16.7 THE NEEDHAM–SCHROEDER KEY DISTRIBUTION PROTOCOL [NEEDHAM AND SCHROEDER, 1998]
This paper describes a protocol for a key server to generate and deliver a session key to the pair of users User_ID[A] and User_ID[B]. Two user-authentication issues arise when a common session key is used in a session User_ID[A] ↔ User_ID[B].
|A1.||Is User_ID[A] really communicating with User_ID[B]?|
|A2.||Is User_IDB really communicating with User_ID[A]?|
This paper considers two protocols: the first for users enciphering with a symmetric key cryptosystem, the second for users enciphering with a public key cryptosystem (PKC).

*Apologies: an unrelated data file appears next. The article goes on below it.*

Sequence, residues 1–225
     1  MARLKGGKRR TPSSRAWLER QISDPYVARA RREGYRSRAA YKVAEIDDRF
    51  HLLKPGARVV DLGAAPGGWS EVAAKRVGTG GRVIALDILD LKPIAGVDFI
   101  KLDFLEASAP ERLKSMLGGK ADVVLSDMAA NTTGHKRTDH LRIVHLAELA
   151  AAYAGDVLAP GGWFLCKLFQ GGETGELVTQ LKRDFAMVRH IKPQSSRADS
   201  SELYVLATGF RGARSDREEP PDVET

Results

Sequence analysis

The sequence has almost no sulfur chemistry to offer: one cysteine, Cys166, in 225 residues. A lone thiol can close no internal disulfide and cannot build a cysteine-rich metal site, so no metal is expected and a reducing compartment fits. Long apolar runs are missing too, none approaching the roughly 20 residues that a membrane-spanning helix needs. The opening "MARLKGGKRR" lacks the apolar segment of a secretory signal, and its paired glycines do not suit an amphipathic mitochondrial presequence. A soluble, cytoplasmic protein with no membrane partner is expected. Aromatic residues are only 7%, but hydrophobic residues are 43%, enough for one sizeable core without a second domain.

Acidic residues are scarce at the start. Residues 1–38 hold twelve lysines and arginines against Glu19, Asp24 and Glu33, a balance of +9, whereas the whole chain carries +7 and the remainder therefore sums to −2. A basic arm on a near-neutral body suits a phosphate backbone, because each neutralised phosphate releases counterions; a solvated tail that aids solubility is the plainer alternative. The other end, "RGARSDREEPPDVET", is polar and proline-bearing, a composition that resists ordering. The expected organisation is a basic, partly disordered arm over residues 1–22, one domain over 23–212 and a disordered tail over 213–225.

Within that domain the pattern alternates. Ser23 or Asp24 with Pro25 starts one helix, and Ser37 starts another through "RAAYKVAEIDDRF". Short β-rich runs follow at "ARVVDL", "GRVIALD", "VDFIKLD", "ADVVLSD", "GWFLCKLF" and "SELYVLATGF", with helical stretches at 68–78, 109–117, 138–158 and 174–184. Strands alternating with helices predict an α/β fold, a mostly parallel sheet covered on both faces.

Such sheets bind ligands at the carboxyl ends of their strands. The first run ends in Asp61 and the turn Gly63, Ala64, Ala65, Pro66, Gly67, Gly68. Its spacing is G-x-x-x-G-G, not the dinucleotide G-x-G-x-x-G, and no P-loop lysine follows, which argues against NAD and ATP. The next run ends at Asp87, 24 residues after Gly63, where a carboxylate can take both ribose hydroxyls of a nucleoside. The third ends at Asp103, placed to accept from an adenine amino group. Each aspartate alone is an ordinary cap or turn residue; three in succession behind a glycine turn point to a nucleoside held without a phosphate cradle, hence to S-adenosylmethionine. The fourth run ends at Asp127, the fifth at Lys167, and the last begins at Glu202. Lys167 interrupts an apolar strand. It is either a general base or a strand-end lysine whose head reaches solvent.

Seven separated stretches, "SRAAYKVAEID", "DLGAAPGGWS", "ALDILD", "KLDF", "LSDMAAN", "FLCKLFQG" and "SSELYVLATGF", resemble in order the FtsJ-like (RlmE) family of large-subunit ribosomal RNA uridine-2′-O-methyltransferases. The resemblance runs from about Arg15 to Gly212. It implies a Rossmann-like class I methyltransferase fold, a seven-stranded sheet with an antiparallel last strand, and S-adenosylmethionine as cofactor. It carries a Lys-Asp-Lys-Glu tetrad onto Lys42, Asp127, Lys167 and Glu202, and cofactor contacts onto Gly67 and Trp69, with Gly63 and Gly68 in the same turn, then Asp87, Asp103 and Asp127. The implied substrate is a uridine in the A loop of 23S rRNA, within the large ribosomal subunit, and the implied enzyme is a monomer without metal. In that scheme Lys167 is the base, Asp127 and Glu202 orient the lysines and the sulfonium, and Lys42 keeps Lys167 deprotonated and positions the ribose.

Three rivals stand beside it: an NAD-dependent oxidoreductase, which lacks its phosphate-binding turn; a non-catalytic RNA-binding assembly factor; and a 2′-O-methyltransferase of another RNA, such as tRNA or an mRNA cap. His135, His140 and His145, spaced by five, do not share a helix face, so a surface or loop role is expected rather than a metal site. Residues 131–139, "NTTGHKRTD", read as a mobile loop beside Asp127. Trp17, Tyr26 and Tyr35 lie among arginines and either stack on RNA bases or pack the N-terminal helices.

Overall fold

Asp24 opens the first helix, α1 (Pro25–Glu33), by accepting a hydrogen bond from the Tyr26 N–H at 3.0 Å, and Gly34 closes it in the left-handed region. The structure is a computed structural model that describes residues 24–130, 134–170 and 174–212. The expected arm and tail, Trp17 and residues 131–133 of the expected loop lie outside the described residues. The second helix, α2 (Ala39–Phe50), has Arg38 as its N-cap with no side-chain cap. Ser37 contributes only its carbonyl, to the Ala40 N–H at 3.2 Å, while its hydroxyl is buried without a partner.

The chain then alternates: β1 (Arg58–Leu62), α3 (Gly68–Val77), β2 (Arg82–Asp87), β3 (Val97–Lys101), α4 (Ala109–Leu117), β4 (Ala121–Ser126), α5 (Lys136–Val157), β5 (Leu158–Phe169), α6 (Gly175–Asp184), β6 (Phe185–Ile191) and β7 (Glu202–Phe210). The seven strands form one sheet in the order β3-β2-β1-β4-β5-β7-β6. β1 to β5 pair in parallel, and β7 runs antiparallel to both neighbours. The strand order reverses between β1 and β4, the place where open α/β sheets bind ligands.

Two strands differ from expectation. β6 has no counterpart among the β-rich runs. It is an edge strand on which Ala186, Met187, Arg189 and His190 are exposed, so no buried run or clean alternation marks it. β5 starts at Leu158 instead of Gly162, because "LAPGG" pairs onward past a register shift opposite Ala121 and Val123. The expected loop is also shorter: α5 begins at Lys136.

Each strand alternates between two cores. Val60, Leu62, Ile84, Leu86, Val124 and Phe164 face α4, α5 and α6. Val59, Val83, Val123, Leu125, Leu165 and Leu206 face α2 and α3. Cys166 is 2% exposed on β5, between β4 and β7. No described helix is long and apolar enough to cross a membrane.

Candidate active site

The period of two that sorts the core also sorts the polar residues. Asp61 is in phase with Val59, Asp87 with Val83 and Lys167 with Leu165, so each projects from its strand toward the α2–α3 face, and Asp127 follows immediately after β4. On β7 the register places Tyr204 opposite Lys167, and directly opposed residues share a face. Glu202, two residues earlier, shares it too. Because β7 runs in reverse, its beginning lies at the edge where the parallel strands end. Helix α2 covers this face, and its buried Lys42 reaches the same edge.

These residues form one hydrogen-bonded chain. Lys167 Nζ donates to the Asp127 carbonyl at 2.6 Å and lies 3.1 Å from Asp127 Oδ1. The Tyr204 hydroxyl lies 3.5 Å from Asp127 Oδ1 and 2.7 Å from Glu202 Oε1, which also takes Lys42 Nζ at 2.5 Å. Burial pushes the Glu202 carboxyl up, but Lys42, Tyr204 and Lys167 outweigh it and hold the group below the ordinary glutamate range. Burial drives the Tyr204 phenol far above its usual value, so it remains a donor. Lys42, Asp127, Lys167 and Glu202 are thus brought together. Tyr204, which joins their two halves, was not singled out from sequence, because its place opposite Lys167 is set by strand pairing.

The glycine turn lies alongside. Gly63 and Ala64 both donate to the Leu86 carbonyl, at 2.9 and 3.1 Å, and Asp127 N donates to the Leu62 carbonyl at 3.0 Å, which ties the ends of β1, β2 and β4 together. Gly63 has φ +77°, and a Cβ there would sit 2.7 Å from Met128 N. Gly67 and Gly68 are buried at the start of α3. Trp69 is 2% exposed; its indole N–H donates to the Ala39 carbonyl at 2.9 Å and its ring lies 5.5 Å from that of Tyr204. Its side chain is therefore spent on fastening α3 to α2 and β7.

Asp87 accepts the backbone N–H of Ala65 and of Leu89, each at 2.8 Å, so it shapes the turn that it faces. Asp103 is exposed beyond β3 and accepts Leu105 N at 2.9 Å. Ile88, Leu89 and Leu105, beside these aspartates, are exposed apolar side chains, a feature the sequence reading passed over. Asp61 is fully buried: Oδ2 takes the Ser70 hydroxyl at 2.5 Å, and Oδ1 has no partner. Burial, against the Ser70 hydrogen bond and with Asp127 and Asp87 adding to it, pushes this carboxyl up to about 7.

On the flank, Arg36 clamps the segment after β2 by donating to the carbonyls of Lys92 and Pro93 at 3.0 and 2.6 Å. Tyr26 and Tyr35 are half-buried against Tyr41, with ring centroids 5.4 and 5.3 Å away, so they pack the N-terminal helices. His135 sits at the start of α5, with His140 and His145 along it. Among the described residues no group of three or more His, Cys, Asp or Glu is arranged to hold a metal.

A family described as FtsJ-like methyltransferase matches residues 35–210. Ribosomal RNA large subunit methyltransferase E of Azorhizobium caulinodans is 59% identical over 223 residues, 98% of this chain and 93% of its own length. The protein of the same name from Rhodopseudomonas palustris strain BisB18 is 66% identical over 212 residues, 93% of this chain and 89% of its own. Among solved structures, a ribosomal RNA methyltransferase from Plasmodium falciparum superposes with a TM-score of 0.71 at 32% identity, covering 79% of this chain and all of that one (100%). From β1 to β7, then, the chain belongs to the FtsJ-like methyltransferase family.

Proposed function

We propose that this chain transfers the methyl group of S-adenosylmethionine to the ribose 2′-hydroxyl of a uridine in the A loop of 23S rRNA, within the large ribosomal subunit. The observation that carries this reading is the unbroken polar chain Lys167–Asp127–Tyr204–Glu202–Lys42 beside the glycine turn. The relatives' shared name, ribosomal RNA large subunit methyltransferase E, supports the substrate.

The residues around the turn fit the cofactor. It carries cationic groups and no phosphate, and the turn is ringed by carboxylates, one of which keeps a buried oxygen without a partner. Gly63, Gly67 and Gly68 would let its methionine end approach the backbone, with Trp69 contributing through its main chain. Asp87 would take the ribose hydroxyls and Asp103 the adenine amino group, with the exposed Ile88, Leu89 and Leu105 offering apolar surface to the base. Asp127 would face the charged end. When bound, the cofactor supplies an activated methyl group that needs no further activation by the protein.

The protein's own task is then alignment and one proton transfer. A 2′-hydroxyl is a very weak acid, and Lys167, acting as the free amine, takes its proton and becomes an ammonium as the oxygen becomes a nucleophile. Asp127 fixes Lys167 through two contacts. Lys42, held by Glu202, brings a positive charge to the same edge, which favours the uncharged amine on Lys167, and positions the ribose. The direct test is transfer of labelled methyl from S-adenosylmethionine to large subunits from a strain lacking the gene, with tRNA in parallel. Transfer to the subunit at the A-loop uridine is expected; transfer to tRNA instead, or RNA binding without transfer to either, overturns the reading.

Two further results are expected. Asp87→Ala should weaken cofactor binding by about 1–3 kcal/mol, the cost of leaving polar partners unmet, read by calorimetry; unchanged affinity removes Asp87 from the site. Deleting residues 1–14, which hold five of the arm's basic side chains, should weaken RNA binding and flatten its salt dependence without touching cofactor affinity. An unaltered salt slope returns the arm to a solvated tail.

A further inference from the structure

16.7.1 Needham–Schroeder Using a Symmetric Key Cryptosystem
The key server is assumed to securely store
- The (secret) key K(ID[A]) of User_ID[A] with identifier ID[A], and
- The (secret) key K(ID[B]) of User_ID[B] with identifier ID[B].
It is assumed that
- Only the key server and a user have knowledge of the user's secret key, and
- It is not feasible to decipher messages without the key.
16.7.2 The Key Server Generates and Delivers a Session Key KS for a User_ID[A] ↔ User_ID[B] Session
The key exchange process is composed of the following steps:
1a. User_ID[A] contacts the key server and requests a session key KS be generated for a User_ID[A] ↔ User_ID[B] session (Fig. 16.8). The message REQ = (ID[A], ID[B], NA) is transmitted in the clear to the key server by User_ID[A] ...